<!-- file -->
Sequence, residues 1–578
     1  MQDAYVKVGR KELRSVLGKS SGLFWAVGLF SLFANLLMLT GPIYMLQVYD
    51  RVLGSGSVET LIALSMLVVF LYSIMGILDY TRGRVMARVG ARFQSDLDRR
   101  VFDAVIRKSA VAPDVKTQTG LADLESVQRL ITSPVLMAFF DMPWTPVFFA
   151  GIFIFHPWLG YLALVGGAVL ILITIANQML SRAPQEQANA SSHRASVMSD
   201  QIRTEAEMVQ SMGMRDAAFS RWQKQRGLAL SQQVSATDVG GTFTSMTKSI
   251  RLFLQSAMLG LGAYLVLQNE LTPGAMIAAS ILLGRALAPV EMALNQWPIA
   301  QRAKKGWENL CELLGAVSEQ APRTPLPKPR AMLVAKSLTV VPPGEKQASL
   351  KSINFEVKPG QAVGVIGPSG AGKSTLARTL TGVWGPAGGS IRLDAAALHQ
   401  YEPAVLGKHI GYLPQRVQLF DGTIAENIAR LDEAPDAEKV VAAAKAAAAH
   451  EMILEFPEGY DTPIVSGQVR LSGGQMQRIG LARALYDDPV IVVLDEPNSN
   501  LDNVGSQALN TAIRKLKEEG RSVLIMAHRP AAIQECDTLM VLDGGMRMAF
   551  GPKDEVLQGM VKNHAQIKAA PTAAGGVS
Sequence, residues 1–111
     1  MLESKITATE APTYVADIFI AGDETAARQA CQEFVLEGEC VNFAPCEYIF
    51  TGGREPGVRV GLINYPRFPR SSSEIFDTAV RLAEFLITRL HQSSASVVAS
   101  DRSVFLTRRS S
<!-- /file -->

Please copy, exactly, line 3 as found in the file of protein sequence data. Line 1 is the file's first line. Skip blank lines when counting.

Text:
    51  RVLGSGSVET LIALSMLVVF LYSIMGILDY TRGRVMARVG ARFQSDLDRR